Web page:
Differences between Chapter 7 and Chapter 11 Bankruptcy
Filing for bankruptcy is an option you likely wanted to avoid, but now it seems that you’ll need to file to get the creditors off your back and get your debts erased. Maybe you’ve already begun researching bankruptcy, but you’re surprised by the number of chapters available for debtors.
Chapters 7 and 11 bankruptcies are common types of bankruptcy to file, but which is best for you? If you’re not sure what the differences between Chapter 7 and Chapter 11 bankruptcy are, you may need help deciding what’s most appropriate for you and which type you should file for.
While both chapters of bankruptcy have their benefits, you’ll need to determine which is right for your needs and what will be most effective for getting yourself out of debt.
Chapter 7 Bankruptcy
In some cases, the best way for you to get out of debt is through liquidation. This could be the case if you have several valuable assets and you want to get out of debt as quickly as possible, even if it means giving up many of these assets. If you’re looking to sell some of your property and use this to pay off your creditors, Chapter 7 bankruptcy may be for you.
Unlike Chapter 11 bankruptcy, which takes years to complete, with Chapter 7 bankruptcy you’ll sell your nonexempt assets all at once to pay off your debts. This includes things like the following:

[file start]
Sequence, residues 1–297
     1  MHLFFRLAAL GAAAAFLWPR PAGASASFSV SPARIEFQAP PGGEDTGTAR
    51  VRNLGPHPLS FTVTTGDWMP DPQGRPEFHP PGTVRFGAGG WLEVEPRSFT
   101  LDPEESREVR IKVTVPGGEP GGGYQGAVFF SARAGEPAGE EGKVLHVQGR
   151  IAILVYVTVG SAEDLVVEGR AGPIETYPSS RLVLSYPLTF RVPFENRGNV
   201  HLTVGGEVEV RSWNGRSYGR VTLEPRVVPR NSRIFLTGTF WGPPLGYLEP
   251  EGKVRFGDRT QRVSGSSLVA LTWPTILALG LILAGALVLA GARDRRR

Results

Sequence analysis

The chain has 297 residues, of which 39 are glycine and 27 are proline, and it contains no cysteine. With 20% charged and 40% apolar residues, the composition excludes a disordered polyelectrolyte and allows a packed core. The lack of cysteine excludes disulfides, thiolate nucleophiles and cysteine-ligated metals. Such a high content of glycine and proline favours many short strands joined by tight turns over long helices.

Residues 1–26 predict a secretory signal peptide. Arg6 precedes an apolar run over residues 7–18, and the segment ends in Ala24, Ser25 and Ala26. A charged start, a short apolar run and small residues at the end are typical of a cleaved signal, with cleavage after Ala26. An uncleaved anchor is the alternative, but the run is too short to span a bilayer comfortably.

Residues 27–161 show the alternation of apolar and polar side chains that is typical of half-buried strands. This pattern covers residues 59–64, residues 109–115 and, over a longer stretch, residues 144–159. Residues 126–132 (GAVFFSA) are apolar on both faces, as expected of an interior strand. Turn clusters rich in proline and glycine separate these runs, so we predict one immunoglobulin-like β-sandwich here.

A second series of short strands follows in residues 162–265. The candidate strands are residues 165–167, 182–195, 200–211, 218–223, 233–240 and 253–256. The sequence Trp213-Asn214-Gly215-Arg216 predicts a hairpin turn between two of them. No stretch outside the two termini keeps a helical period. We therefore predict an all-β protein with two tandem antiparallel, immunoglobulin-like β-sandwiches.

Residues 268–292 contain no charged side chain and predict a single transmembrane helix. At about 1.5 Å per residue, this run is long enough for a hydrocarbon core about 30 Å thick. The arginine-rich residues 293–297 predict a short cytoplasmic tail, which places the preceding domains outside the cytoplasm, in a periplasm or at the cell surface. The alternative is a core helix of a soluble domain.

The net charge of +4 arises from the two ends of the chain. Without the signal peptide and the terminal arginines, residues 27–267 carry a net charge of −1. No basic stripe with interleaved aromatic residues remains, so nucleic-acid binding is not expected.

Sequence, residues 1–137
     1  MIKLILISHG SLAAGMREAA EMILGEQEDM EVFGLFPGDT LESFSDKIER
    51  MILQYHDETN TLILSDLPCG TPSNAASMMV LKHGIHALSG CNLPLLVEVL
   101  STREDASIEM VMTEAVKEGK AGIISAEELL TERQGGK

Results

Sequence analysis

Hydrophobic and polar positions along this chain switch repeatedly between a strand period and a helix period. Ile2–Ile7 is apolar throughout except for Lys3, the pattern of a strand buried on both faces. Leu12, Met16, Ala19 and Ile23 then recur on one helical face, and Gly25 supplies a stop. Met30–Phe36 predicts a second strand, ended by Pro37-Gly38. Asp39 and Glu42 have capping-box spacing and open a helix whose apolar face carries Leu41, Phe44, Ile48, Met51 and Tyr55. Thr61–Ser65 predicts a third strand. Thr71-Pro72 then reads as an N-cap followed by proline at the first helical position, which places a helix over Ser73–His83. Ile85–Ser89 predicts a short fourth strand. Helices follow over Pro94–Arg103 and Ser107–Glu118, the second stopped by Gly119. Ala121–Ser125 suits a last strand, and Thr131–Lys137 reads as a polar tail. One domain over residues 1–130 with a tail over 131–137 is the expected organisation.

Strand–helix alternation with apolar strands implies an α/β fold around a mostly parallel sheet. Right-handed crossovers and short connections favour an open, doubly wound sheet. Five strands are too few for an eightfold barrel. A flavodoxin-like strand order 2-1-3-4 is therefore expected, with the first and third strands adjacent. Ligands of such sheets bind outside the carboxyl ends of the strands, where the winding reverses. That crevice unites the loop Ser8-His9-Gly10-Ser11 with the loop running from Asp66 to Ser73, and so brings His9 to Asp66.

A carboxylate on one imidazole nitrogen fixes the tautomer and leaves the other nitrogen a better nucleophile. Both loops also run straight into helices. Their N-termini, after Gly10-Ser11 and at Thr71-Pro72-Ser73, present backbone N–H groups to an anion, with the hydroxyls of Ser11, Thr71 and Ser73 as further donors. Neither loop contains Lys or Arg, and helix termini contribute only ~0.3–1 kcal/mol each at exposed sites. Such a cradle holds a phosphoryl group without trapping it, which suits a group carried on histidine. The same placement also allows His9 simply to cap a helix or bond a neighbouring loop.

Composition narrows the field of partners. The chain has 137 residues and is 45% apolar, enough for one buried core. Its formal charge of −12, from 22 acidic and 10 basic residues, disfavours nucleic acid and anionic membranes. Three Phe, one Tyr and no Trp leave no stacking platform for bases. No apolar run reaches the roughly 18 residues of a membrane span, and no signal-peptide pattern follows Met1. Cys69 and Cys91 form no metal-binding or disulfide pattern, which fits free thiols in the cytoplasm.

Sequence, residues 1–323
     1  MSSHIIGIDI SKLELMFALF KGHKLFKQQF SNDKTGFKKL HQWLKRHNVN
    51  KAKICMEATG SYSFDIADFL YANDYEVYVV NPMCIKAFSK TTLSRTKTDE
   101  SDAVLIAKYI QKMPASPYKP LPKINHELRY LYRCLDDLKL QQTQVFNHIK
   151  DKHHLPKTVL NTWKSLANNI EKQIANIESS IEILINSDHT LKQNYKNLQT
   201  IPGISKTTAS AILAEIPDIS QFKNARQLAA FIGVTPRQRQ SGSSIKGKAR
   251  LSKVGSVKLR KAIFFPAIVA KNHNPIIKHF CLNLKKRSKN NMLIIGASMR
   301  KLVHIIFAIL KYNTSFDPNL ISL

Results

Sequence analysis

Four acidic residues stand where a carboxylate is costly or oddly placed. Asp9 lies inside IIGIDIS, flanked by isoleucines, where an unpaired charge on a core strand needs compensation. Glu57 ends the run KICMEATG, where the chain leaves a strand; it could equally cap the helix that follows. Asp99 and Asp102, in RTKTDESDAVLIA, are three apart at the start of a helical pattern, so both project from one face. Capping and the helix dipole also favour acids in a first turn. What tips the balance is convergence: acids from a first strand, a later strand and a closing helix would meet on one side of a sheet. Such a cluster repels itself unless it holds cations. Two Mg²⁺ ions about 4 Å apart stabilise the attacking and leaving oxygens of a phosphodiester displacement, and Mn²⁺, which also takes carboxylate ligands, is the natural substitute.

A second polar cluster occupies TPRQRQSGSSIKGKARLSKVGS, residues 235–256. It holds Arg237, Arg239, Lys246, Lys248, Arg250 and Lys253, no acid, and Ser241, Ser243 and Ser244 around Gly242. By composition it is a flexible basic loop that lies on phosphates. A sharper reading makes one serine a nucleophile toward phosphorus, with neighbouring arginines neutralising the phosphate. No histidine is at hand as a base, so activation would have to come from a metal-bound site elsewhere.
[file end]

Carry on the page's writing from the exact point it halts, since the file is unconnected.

- Second homes
- Extra vehicles
- Musical items or collections of valuable items
- Family heirlooms
- Cash and investments
Once you’ve given up this property, the costs of these will be split evenly between the creditors and your debt will be cleared. This gives you a fresh start as soon as possible.
Chapter 11 Bankruptcy
If you’re making a regular income and want to pay your debt off over time, however, Chapter 11 might be the better bankruptcy option for you. For those seeking to pay their debts off over time, rather than all at once like Chapter 7 requires, this might be the better option for you.
Chapter 11 bankruptcy requires that you make a budget and plan for repayment, so unlike with Chapter 7, you’ll have three to five years to make your payments and pay off your debt. Instead of selling off your assets, you’ll instead pay off your debt in payments. While this should still end the constant calls from your creditors, it’s a less drastic option for those who want to start fresh.
Seek Legal Counsel Before Choosing
While each bankruptcy plan has its benefits, it can be difficult to choose a plan when you’re in the middle of struggling with bankruptcy. Fortunately, a good bankruptcy lawyer can help you choose the best plan for you. At Rowdy G. Williams Law Firm, we’ll review your situation and debt, and we’ll help you determine which direction is best for you.
If you’re struggling with your debt but you’re not sure how the differences between Chapter 7 and Chapter 11 bankruptcy will affect your situation, reach out for help. We’ll review your claim and help you make the best decision for you before you begin.
To get started, fill out the online form below or give us a call at 812-232-7400.